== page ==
Giving Students Choice
One big change we have seen is the way students present their work. They want to create. We made a page of suggested digital tools for projects. It's linked on the technology page and we tweak it every year. Teachers can link to the site when assigning a project and they have learned to use Google Forms to "collect" digital projects. Student assignments can be differentiated giving every student the success they deserve.
Be Prepared for the Messiness
There's no question that teaching with technology can be messy. No one has said we must completely shift everything we do to technology. Try one new thing at a time. As it becomes part of everyday practice, you can add more. One example is to try an activity with one section of a class. Or try a low stakes, fun project before the real one. Be sure to get feedback from students.
I believe the benefit of a 1:1 classroom is the amazing work and learning that students and teachers can achieve. Our students deserve to learn in an innovative, digital environment.
Response From Mark Pullen
Mark Pullen teaches third grade in a 1:1 classroom in East Grand Rapids, Michigan. He blogs about his experiences at mrpullen.wordpress.com, and his twitter handle is @mpullen:
Are you fortunate enough to be teaching in a 1:1 classroom? Starting a 1:1 program for the first time? Here are three quick suggestions based on my four years teaching in a 1:1 third-grade classroom.
1. Let 1:1 technology transform your teaching
It's easy to use technology to keep doing what you've always done, without harnessing its power to change the way you actually teach. But 1:1 technology should be more than just a way of changing from a paper/pencil worksheet to a digital worksheet.
I find it helpful to think of three ways in which access to 1:1 technology can transform your teaching: as a differentiation tool, a creativity tool, and a connection tool. When you're planning a lesson or a unit in a 1:1 classroom, ask yourself: How can technology enhance the differentiation in this lesson? How can it be used to allow my students to display more creativity in this lesson? Finally, how can the technology be used to connect my students to others (such as by giving their writing an audience or allowing them to Skype with a subject-matter expert in the topic being studied)?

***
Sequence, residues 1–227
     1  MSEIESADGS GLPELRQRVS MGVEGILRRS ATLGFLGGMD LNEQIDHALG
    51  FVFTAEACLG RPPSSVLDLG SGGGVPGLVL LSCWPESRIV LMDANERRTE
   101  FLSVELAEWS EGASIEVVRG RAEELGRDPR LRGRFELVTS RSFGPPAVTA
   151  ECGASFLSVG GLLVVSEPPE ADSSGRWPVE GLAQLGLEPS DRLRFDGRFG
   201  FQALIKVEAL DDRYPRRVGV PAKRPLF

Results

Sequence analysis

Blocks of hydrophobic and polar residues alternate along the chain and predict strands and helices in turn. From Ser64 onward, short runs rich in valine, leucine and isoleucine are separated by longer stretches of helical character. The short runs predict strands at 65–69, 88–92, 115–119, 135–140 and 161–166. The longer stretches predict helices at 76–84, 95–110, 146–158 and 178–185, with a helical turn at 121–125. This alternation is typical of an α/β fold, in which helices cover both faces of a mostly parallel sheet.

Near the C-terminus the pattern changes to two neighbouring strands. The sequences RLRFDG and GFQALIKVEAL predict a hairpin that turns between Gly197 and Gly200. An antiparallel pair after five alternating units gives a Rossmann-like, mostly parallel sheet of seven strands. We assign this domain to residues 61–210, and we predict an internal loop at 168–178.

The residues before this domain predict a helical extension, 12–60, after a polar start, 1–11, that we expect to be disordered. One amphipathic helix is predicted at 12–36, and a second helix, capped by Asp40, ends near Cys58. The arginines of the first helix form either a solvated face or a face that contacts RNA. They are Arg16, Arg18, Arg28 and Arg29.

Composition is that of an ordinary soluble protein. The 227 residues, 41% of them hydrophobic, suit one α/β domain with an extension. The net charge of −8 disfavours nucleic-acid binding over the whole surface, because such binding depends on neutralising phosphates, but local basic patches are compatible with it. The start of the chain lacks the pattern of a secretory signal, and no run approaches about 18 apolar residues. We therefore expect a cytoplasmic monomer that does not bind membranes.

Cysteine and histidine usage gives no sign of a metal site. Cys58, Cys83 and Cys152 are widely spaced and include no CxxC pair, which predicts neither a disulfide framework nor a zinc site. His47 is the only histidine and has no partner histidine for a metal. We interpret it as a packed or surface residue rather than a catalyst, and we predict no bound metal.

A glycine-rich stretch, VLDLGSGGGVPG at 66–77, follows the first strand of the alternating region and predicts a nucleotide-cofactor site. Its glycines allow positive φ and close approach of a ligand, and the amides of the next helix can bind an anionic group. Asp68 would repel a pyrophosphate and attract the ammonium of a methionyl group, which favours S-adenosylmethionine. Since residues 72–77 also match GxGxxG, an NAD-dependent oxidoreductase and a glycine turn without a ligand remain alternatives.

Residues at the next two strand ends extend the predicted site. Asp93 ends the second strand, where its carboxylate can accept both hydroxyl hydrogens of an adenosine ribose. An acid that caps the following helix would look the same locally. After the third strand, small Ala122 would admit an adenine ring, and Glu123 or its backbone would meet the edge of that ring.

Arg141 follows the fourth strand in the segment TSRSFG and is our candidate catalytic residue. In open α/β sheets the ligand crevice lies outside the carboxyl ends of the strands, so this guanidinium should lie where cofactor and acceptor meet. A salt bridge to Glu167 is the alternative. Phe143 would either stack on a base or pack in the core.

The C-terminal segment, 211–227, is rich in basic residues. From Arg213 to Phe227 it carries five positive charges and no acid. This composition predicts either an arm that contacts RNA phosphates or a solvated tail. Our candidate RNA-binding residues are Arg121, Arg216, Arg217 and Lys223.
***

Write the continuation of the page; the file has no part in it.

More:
2. Tap into your students' expertise
No matter what age level you're teaching, your students will come to you with extensive prior technology experience. Make the most of it! Encourage your students to work together to solve their various technology-related questions rather than looking solely to the teacher for tech support. In addition, make your tech-based assignments as open-ended as possible: rather than asking your students to create a PowerPoint about the non-fiction topic they've been studying, why not invite them to create a multimedia project of their choosing? You'll end up with a more fun and diverse collection of projects, and your students will gain exposure to a wide variety of multimedia options as they view each others' work.
3. Don't expect your students to fully understand digital ethics and safety
This may seem to contradict the previous point, but even though your students will come to you with a wealth of previous tech experience, it's not safe to assume that they fully understand the perils and permanence of the Internet. You'll need to explicitly teach them to steer clear of plagiarism, to be judicious in what information they share publicly online, to treat others with kindness, and to engage in civil discourse in their online conversations.
Many of your students will come to you knowing how to use the computer as an entertainment tool, but not an educational or creative tool. It will take explicit instruction for some of your students to learn to use their 1:1 device in a productive, educational way. This is not a bad thing; in fact, I see it as one of the biggest opportunities a 1:1 classroom offers, as helping students to become productive, civil digital citizens is essential to their future success.
Response From Troy Hicks
Dr. Troy Hicks is an associate professor of English at Central Michigan University and focuses his work on the teaching of writing, literacy and technology, and teacher education and professional development. A former middle school teacher, he collaborates with K-12 colleagues and explores how they implement newer literacies in their classrooms. Follow him @hickstro and at hickstro.org: